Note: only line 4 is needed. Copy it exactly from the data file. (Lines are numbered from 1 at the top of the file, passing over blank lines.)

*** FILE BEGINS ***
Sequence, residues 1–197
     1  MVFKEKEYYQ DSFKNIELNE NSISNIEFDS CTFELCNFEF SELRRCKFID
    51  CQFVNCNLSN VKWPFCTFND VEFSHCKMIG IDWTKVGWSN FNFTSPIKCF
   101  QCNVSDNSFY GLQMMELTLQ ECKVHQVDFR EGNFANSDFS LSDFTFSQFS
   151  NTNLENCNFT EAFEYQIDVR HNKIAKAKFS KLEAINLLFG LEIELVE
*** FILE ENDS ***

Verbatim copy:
   101  QCNVSDNSFY GLQMMELTLQ ECKVHQVDFR EGNFANSDFS LSDFTFSQFS